encountering Judas

It was the last thing I expected when I curled up in bed with a cup of tea and a good book, for my monthly "morning with Jesus." I call them Geneva days (because my first few were at a camp by that name), and I love them. They are mornings I set aside (actually written in on the calendar) to meet with the Lord with no agenda of my own. Sometimes that's hard - there are things I want to talk about, and oftentimes I find myself discussing those with Him anyway - but I do my best to let Him set the agenda for the day. Last Saturday I pulled out Having A Mary Heart in A Martha World, and finally (9 months later) finished it - it seemed like the thing to do that morning, and Joanna Weaver's discussion of one of the Mary stories hit me in a way I hadn't expected.

Mary, shortly before Jesus was crucified, came to him with one of the most valuable things she had - an alabaster jar of pure nard - and poured it over his feet, which she then wiped with her hair. It was an act of pure devotion and worship - and it drove Judas crazy. That perfume was worth more than a year's wages, and it seemed like such a waste to him, to "throw away" something so valuable in such a ridiculous fashion. He claimed it could have been sold and the money used to feed the poor. I won't question his motivation. But he had an agenda, and a world-view so contrary to Mary's - that he couldn't even begin to understand what would possess her to do such a thing.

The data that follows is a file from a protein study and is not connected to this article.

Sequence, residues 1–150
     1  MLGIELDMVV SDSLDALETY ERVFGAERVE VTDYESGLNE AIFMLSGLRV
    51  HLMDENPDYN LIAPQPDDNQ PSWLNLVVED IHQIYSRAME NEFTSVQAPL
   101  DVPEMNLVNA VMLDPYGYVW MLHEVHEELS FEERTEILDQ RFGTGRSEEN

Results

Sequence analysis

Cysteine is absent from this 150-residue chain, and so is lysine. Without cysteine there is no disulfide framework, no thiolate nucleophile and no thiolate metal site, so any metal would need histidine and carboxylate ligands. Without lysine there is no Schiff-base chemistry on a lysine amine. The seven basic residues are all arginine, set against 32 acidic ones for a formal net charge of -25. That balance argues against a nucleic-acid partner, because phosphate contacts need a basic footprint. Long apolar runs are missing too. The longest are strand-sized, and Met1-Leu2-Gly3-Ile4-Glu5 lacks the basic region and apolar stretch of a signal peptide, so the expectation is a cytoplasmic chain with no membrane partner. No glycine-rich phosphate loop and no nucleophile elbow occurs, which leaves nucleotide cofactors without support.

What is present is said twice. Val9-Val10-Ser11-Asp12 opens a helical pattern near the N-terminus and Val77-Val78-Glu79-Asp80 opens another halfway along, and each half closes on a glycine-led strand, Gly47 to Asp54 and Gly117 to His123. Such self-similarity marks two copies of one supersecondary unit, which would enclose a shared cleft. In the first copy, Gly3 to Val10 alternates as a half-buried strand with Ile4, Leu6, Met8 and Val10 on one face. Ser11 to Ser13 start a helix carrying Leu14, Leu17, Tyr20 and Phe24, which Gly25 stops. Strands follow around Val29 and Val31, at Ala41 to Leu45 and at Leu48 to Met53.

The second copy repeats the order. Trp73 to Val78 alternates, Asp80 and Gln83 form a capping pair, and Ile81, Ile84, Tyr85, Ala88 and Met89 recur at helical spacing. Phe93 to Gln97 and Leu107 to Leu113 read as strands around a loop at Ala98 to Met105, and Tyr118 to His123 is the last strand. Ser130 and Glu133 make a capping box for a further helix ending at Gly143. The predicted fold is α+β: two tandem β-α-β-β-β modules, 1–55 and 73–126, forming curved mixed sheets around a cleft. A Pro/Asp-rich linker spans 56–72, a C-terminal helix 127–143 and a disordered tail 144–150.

You know, if you'd asked me before which character in the story I most identified with, I might have said Mary. Extravagant worship of that sort is something I want to offer the Lord. But as Weaver drew the contrasts between the heart attitudes of Judas and Mary, I began to notice something a little disturbing - I have, at times, as much potential to go his way as I do hers.


God, forbid that I should ever get so caught up in my own ideas about how things are supposed to go that I miss Your plan entirely. Lord, have mercy. Christ, have mercy. Lord, have mercy. Amen.

1 comment:

Ruth said...

That was a great little lesson from the heart.

I often catch myself "shoulding" on people in my mind. I've learned to recognize that as a religious spirit.